What can be done to challenge and eventually reverse these trends?
First, awareness matters. Both Democratic and Republican state governors have been able to use children and the poor as revenue tools because their constituents have been kept in the dark about what’s going on, so public pressure for reform and accountability has been weak. With increased understanding of these revenue strategies, states can be held accountable if they misuse funds.
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Second, mission matters. Rather than using the vulnerable to serve its own fiscal self-interests, the poverty industry should use its collective energy and resources to determine how best to support those who are truly in need.
“Vulnerable” does not imply weakness. I’m in awe of the strength and determination shown by low-income families who are struggling to overcome the barriers that stand in the way of their economic security. To quote Professor Martha Albertson Fineman from Emory University, “Vulnerability is the characteristic that positions us in relation to each other as human beings and also suggests a relationship of responsibility between the state and its institutions and the individual.”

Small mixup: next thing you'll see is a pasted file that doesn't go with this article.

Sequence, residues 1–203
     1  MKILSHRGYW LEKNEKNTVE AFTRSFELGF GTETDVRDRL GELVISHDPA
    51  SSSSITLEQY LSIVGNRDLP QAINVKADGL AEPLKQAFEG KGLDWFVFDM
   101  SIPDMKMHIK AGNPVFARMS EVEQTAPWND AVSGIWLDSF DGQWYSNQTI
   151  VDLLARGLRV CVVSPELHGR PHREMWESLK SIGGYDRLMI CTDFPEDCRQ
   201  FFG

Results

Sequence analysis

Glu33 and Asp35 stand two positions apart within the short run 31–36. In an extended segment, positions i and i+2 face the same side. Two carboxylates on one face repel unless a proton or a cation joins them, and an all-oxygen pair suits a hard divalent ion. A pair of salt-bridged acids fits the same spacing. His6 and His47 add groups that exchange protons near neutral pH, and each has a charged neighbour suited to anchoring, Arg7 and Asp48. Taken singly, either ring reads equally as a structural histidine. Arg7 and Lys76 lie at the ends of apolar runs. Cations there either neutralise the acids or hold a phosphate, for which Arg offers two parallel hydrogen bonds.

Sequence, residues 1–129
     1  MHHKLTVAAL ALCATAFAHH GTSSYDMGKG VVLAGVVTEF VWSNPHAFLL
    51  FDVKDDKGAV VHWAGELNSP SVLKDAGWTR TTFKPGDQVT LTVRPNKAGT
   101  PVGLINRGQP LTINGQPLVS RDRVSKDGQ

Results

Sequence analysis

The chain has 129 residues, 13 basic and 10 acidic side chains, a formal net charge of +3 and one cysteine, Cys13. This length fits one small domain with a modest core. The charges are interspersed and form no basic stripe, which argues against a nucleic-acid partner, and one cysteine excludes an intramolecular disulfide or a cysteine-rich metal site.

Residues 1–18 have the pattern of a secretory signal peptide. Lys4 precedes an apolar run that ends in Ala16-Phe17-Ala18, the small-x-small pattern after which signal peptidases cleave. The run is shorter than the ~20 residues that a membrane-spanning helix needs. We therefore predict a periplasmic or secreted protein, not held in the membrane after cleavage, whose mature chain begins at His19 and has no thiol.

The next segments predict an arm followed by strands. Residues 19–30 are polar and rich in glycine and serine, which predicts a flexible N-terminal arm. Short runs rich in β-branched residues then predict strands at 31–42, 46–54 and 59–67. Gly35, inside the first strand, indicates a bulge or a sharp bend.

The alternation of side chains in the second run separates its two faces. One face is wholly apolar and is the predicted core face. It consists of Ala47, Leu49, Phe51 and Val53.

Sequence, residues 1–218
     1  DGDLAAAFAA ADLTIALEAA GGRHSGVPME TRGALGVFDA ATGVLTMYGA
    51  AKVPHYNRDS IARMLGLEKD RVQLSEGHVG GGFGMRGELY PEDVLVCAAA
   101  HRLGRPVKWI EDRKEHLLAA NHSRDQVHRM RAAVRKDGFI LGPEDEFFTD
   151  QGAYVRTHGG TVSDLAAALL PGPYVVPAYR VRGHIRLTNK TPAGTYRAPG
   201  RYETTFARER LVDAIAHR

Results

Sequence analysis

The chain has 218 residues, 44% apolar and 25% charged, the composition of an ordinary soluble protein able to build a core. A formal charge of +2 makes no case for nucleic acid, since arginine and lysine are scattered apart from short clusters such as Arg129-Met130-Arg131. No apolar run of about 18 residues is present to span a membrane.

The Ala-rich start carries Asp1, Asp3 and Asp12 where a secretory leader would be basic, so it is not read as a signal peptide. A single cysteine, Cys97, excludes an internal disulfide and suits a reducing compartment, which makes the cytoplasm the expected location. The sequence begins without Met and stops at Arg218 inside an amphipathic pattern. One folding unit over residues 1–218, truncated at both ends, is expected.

We are all vulnerable, and like it or not, we are all interdependent—both with each other and with the institutions that are designed to help us. At various times, some of us face more discrimination, trauma, and disadvantage than others. When the poverty industry places the mission of maximizing revenue over serving those in need, the vulnerable are harmed. And when the vulnerable are harmed, so are we all.
When the Maryland foster care agency hires a contractor to help the state take resources away from abused and neglected children, the public’s belief in government’s commitment to the common good is harmed by an egregious breach of trust and moral integrity. And the public is also harmed financially. When agencies take resources from foster children, those children are less likely to become self-sufficient after leaving care—more likely to need public assistance, more likely to be unemployed, and more likely to become incarcerated. When the state harms the vulnerable, the public pays the price.